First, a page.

My father pastored five different churches between 1949 and 1994. His first four churches averaged 200 members, and his last church grew from 250 to 750 during his ten years of care.
A few years before dad retired from that last, rapidly growing church, I came home for Christmas. We went out for coffee, and he shared with me some reflections on church growth.
When he pastored his first four churches, he felt the “fruit” of his ministry was show in the parishioners’ growth in prayer, Scripture, fruit of the Spirit, and outreach. But when his last church doubled in size, he began to think of “fruit” in terms of Sunday-morning attendance.
He said he had never thought about numbers until he saw the membership increase. And when he saw numbers increase, he began to think of little else. He concluded,
Who would ever imagine that spiritual fruit could be measured by numbers, the same way GM measures a good year, by the sum of the pickup trucks produced?
The details of my dad’s temptation differ from ours. Most of us easily see through his bogus gauge of attendance. He did too. We are not pastors. We are nurses, mechanics, bus drivers, engineers, and homemakers. But we still have his exact temptation. Ours just looks different.
We each long to make a difference, to live a life that matters, to leave lasting footprints on this earth. And we scrutinize our lives, sifting through each conversation, studying each interaction with friends, hunting after that elusive quarry called “fruit.”
We stalk significance like the lion prowls its prey. Will I be remembered? Will my children ever thank me? Will my colleagues every miss me? Did anyone notice my brilliant idea?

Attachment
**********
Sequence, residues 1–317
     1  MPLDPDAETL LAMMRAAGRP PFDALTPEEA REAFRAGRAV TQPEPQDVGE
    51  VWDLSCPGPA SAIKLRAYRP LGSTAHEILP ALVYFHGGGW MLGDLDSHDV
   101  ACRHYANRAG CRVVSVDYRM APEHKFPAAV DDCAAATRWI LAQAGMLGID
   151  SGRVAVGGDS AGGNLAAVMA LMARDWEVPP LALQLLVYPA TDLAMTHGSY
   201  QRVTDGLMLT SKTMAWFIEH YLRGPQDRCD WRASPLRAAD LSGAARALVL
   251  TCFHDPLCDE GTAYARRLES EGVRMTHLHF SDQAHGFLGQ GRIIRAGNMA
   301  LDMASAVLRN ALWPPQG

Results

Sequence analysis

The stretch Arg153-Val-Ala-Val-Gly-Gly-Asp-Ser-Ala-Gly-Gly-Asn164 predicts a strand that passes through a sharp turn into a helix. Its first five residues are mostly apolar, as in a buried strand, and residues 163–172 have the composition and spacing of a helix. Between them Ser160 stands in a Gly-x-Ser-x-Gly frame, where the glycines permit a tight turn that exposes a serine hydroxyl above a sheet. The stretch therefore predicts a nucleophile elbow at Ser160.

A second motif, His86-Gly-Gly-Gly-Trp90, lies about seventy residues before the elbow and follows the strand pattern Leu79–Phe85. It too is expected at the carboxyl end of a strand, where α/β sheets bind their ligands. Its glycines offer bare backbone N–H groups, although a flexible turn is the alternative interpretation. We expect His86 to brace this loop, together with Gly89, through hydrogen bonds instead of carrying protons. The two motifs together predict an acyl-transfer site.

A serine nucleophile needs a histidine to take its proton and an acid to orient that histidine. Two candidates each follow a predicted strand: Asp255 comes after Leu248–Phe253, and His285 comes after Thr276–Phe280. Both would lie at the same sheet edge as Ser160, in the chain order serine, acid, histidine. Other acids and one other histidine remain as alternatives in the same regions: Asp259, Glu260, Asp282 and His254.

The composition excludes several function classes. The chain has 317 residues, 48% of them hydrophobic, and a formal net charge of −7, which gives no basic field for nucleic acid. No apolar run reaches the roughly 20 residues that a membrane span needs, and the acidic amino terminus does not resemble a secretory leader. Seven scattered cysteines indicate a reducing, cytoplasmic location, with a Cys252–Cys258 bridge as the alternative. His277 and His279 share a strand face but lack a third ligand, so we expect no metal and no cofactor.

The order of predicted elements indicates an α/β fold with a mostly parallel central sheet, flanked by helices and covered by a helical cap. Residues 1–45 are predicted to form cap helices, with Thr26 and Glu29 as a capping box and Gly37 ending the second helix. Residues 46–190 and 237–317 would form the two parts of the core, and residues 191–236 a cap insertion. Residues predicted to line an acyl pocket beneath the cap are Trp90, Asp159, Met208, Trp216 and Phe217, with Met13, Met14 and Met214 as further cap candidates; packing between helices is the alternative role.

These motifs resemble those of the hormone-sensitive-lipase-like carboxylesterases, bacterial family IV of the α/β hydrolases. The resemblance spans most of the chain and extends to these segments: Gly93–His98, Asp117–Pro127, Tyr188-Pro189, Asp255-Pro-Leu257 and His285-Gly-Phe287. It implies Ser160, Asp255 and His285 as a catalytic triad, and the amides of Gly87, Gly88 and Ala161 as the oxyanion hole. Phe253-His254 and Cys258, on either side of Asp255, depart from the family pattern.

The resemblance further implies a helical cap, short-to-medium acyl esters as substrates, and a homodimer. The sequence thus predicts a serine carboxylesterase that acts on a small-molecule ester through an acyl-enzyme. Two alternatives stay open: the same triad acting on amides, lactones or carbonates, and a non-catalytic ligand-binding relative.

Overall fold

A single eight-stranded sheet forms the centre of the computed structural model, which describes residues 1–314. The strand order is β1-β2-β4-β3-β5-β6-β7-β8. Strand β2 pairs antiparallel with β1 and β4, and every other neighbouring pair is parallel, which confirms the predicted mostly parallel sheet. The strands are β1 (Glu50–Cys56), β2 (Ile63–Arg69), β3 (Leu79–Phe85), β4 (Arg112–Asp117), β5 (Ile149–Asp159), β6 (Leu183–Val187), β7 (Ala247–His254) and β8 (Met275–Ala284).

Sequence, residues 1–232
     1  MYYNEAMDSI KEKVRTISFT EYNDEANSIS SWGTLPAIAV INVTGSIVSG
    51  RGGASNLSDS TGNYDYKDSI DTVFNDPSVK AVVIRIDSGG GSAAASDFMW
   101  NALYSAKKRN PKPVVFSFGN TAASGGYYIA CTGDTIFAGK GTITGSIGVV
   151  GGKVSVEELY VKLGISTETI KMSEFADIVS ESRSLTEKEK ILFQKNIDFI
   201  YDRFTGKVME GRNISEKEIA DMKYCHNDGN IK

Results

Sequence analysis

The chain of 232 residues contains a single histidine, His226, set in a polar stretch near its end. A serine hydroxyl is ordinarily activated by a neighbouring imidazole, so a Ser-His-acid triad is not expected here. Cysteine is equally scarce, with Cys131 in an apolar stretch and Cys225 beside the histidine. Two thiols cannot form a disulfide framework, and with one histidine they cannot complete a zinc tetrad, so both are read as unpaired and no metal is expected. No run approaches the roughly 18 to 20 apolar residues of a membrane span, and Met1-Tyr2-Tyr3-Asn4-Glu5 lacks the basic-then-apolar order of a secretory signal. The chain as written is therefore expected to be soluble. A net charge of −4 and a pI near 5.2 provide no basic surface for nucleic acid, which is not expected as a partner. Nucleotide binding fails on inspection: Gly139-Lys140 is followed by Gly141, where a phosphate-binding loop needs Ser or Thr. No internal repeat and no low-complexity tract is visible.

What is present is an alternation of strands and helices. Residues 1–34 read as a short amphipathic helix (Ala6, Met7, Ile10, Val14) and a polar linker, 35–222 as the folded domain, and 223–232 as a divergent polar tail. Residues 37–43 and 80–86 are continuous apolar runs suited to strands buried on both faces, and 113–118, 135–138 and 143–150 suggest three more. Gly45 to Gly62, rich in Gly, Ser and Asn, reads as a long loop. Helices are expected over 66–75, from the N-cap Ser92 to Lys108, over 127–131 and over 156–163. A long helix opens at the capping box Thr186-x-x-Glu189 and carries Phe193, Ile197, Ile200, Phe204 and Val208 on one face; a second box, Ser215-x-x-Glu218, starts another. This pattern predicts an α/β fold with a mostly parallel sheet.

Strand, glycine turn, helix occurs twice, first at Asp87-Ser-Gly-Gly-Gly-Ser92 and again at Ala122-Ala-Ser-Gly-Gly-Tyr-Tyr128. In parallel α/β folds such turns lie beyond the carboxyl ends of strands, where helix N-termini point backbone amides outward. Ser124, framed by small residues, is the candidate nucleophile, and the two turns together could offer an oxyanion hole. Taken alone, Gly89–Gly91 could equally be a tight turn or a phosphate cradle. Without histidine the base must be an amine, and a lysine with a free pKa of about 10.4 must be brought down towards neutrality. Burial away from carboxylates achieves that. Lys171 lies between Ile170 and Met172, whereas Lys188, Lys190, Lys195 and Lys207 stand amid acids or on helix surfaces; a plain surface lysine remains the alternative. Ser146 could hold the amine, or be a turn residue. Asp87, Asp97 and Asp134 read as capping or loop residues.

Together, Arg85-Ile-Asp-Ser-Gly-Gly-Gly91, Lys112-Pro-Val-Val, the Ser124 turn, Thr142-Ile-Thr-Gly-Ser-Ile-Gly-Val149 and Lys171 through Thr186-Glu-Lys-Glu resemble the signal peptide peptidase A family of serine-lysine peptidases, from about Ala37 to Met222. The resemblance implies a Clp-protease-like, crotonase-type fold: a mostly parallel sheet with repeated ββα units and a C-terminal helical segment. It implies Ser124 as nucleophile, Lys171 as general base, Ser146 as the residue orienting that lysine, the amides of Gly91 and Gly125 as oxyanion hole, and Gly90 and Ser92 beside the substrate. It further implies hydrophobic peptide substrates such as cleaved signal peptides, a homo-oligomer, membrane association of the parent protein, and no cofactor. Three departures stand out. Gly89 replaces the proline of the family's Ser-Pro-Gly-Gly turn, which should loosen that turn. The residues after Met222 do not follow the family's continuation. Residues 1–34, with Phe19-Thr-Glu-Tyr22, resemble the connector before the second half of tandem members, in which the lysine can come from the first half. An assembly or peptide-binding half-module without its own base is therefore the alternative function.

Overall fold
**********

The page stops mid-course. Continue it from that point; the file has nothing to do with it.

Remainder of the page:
When we see hints of harvest we rejoice, and when we make mistakes, we despair. Why did I give that stupid answer? Why did I run from that risk? Why did I never listen to my kids?
Jesus says that genuine, lasting fruit is the result of dwelling in him and him in us. Period! That he is the vine—the source of all fruit and nourishment—and we are branches through which his crop is unveiled.
I once heard a pastor say that if Jesus preached this today, he would say that he, Jesus, is the electrical outlet and we are the plugs. I suppose he is partly right. When we are plugged into God, his life flows through us, and our lamps give light to the world around us.
But mostly the metaphor is horribly wrong. It’s too mechanical. Every metaphor God uses of his connection to us is relational not machine-like. He never says, “I am the piston and you are the crankshaft.” He says he is our King, Father, friend, and (breathtakingly intimate) our spouse.
We would never cut an engine in half to make it produce more horsepower, but the Father prunes us—his branches—so that we produce more fruit. How can this be? The pruning drives into us a thirst of desperation to cling to the vine.
All lasting fruit arises from that spiritual, quantum–algorithm of our inner-soul grasping onto God for all we are worth. Actually, for all he is worth. Any other bounty—no matter the numbers—is bogus.
The world says fix your eyes on, examine, and measure your fruit; and you’ll know your worth. God says, “Come to me, thirst for me, hunger for me, cling to me, and I will satisfy you beyond all you can imagine.”
Our fruit is not the cold assemblage of transmission gears but the cluster of grapes created by an intimate relationship with Him; spiritual fruit is the explosion of intimate theology.
P. S. For many believers, our spiritual lives also seem unsatisfying. We ask, “Is this all there is?” God says that true, abundant, fulfilling, eternal life can be found: It is simply in knowing Him (John 17:3).
God made us to hear his voice, and in hearing His voice, we come to know him and find that overflowingly rich life. To nurture that conversational relationship with your Father, I suggest you read Hearing God in Conversation. Because there is more for us all: